Mince Pies

Monday, December 14, 2009

I have a serious addiction.

Every evening in the lead up to Christmas, I am compelled to have a mince pie and a cup of tea.  

Before moving to Australia, where this English tradition is a seasonal staple, I was blissfully unaware.  

I was also a good deal thinner.  

Bundled up in layers upon layers of wool sweaters, shawls and (God bless them) ponchos, the effects of an addiction such as mine are easily concealed.

If, however, you plan on spending the Big Day in your swimming cozzie, read on at your peril.  

Our favorite recipe comes courtesy of the admirable, and enviable, English food writer Annie Bell.  

Not only is she one of those authors whose cook books you enjoy reading for the language as much as the culinary imaginings, but she and her family divide their time between a gorgeous London townhouse and a 17th century farmhouse in Normandy.  

I struggle to maintain a generous attitude.  

But I can forgive anything - even a French country home - of the woman behind this recipe.

Her mincemeat pies - nutty, meaty, delicate - are a world away from the cloyingly sweet, jammy, store-bought variety.  

The partially open star tops (rather than closed) are key, guaranteeing the perfect the mincemeat-to-pastry ratio.  

I suspect they are behind (pardon the pun) many a New Year's resolution.

But it's Christmas.  

Make a batch.

Put on the kettle.

And dig in.

Annie Bell's Mince Pies (from In My Kitchen)
Makes 2-3 dozen

150 g currants
125 g raisins
25 g blanched almonds, finely chopped
1 knob of stem ginger, finely chopped
1 dessert apple, peeled and grated
50 g shredded suet (beef or vegetarian)
1/4 tsp ground cinnamon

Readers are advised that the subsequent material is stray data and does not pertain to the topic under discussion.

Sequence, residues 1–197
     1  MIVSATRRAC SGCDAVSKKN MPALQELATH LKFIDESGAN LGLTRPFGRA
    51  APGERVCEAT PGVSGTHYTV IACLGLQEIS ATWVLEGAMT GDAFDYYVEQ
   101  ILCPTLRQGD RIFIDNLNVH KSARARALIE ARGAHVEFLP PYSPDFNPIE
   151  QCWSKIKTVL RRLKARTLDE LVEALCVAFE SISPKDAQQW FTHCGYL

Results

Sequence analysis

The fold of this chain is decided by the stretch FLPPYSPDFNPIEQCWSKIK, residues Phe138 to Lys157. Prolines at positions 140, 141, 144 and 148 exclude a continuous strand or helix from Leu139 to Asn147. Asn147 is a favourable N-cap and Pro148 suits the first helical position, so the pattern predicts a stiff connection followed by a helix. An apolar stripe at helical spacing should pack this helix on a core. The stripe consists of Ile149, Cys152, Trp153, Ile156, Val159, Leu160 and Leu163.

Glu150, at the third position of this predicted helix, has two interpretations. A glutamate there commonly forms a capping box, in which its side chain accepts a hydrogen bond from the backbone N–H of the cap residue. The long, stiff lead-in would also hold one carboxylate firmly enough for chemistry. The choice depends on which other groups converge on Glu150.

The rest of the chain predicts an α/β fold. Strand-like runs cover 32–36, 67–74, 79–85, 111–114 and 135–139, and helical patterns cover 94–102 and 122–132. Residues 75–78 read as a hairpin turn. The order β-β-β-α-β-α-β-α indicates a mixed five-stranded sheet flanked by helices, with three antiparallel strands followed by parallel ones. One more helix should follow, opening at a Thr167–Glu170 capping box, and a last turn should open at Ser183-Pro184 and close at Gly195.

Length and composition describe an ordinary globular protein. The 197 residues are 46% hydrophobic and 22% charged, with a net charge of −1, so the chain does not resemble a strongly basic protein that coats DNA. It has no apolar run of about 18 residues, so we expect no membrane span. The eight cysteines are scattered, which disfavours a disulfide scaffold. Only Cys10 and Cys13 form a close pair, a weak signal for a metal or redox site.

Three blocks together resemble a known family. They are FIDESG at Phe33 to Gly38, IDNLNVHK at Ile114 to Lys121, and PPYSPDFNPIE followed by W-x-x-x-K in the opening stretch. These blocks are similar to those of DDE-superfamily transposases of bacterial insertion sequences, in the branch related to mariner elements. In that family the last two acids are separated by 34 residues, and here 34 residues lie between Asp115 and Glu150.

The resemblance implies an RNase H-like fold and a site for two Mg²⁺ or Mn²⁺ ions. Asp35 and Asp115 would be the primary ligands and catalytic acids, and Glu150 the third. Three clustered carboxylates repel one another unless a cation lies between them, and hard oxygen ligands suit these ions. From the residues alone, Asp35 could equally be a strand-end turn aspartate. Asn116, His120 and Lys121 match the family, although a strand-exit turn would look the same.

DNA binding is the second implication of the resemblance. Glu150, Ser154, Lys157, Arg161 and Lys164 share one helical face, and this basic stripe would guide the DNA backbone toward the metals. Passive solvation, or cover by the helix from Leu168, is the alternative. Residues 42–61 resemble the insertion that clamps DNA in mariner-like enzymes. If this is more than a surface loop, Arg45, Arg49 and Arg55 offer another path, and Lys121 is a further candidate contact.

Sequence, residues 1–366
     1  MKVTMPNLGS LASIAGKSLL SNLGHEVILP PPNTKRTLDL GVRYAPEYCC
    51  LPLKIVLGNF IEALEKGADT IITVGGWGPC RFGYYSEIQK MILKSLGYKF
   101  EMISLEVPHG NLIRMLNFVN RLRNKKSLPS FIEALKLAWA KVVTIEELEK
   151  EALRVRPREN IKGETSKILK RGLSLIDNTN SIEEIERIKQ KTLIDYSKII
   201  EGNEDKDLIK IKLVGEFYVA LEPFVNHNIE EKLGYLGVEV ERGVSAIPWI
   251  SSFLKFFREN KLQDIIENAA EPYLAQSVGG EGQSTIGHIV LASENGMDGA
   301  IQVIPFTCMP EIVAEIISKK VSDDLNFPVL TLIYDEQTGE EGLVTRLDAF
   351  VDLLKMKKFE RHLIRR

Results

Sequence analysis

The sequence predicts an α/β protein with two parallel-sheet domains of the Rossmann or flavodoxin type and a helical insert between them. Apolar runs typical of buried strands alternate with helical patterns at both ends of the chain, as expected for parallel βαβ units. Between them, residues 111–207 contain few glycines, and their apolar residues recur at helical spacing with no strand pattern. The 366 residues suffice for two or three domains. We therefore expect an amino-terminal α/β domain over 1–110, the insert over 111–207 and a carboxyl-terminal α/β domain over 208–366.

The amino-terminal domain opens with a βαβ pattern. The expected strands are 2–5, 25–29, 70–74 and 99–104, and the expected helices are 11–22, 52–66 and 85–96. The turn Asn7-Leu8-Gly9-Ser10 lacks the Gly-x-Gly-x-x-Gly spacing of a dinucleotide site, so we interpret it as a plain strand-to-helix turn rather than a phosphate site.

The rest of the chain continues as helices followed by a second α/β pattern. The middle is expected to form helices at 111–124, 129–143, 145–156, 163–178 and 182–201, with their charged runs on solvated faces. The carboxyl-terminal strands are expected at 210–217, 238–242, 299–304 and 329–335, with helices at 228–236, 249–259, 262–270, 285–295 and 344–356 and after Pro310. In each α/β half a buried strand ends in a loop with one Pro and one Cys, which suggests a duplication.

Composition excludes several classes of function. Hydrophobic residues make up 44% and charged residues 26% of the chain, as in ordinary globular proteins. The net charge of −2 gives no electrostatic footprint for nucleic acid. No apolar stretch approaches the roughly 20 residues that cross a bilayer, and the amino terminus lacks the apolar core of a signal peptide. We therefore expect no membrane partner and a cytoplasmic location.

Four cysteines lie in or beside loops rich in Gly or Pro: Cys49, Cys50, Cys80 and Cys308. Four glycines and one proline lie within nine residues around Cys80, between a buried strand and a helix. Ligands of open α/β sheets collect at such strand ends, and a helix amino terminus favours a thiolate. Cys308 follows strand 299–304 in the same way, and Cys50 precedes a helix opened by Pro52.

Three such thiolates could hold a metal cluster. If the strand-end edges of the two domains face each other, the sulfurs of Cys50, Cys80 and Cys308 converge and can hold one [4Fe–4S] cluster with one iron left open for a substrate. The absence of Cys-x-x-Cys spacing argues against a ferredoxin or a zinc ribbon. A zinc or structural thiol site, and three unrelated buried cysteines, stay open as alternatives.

1/4 tsp ground nutmeg
knife tip of ground cloves
finely grated zest and juice of 1 lemon
2 tbsp brandy 
1 tbsp dark muscovado sugar

Combine all the ingredients for the mincemeat in a bowl, cover and set aside for at least 12 hours.

450 g plain flour
250 g unsalted butter, chilled and diced
finely grated zest of 1 lemon
150 g icing sugar, sifted
2 small egg yolks

Place the flour and butter in a food processor, give it a quick burst at high speed to reduce it to a crumb-like consistency, then add the lemon zest and bring the dough together, wrap it in cling-film and chill for several hours or overnight.  

Heat the oven to 170° C.  Roll out the pastry on a floured surface, use a fluted cutter and cut out circles to fit a non-stick mini-muffin baking tray.  Place these in the tray and fill each with a heaped teaspoon of mince-meat.  Roll the pastry again and cut out stars, slightly smaller than the diameter of the pies.  Lay one of these in the center of each pie and bake for 15-25 minutes, until the pastry is pale gold.  Allow to cool and sprinkle with icing (powdered) sugar.  


  1. Yum! Yours look fantastic - now I just need to work out what 'suet' is and I'd be tempted to try my hand and making home made ...

  2. Jane, suet (as I learned last year) is beef fat. You get it from the butcher. Alternatively, you can use vegetarian suet, which, for those in America, I would imagine is the same as Crisco. Do not make these for your cardiologist. Kate


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